Virginia Woolf's essay A Room of One's Own is a landmark of twentieth-century feminist thought. It explores the history of women in literature through an unconventional and highly provocative investigation of the social and material conditions required for the writing of literature. These conditions—time, privacy, and independence— underwrite all productive endeavors in any field.
Which brings us to the title of this post. A client has requested, in addition to a house, that I also built a room of one’s own for him. I told him, that I have always had a shed of my own (my garden studio). It is my sanctuary. My place away ‘from it all’. It is where I go to ‘germinate’ ideas, where I go when I absolutely must get it done. It is where I am myself, by myself, with myself. No thrills. Beautiful light (artificial light corrupts colors). Just a work table, chair, and bed. Apart from their usefulness, sheds are cozy places to be in. You can fiddle about and make a mess, you can sit and think, or you can just sit. My client loves the idea, and he loves my idea of a shed. I will build one for him.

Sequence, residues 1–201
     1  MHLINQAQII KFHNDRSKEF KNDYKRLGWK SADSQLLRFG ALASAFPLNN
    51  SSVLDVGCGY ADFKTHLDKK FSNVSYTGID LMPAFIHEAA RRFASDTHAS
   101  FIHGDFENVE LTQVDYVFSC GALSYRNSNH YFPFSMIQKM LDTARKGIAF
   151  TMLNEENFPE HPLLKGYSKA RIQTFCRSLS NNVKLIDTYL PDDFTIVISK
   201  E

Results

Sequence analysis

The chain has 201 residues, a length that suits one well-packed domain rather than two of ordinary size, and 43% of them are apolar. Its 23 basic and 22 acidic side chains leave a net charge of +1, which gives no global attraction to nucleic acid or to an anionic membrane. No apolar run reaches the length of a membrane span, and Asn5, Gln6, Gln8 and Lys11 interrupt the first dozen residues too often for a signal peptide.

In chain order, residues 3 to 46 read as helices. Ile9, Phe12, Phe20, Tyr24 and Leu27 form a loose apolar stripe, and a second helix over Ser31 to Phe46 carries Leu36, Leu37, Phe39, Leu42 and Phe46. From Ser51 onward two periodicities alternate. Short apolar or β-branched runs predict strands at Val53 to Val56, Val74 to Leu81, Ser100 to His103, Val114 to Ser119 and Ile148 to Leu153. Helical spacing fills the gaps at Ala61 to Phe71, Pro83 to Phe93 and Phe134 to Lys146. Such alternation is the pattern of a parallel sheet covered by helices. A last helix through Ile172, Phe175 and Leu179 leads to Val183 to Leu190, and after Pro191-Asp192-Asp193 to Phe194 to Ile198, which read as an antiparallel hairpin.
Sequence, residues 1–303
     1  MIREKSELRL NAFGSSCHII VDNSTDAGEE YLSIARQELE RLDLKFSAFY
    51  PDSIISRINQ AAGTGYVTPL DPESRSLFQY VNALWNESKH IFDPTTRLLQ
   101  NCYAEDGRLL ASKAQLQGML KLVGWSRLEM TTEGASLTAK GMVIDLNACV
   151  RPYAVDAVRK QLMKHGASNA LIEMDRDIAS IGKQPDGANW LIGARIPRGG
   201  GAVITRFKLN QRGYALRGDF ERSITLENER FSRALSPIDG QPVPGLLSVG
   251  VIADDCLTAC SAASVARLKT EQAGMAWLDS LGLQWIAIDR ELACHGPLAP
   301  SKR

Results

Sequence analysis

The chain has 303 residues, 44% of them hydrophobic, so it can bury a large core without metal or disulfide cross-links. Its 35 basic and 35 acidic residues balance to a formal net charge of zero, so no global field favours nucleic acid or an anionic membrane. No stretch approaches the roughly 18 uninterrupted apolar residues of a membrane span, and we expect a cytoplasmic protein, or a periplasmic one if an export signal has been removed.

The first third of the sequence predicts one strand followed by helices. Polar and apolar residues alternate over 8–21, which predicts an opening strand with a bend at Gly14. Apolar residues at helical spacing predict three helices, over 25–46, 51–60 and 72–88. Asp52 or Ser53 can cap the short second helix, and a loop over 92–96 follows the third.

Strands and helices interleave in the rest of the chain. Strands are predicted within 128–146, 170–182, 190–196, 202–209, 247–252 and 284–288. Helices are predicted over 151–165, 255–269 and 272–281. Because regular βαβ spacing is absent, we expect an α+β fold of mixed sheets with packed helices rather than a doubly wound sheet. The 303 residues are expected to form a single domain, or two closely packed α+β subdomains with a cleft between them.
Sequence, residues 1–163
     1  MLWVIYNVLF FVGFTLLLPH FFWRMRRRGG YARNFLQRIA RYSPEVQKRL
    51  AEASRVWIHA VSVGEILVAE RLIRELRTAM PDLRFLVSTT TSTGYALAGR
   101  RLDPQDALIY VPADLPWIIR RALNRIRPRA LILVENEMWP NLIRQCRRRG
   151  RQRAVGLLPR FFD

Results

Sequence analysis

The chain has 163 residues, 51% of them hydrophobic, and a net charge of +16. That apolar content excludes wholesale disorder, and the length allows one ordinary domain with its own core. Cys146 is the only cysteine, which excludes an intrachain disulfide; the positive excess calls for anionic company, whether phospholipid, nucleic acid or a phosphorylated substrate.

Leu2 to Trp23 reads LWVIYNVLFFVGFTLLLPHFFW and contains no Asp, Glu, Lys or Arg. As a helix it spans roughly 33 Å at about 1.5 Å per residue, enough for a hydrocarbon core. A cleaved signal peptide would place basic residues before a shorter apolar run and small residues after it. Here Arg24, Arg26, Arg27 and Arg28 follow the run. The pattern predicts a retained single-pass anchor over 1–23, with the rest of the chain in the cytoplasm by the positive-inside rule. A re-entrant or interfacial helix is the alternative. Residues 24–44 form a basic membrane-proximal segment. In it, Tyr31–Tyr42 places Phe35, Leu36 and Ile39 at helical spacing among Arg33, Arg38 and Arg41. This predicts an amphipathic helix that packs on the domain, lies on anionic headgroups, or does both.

He will call it, his ‘fiddling hut’.
Charles has a shed of his own;
he calls it his ‘do cot’.
Into it, he vanishes more and more often these days.
Sylvia has a
shed of her own
she calls hers‘idea lab’.
A friend in Kenya has moved from the main house to this beach retreat, his “Away From It All”. It was constructed without architectural plans, conventional materials, or electricity. Built in the vernacular style, using local techniques it represents his triumph of hope over experience.
Mona and Peter do not care two
about rooms, sheds, huts or studios.
Their cars have more amenities’ than most five star hotels.
Chacun à son gout.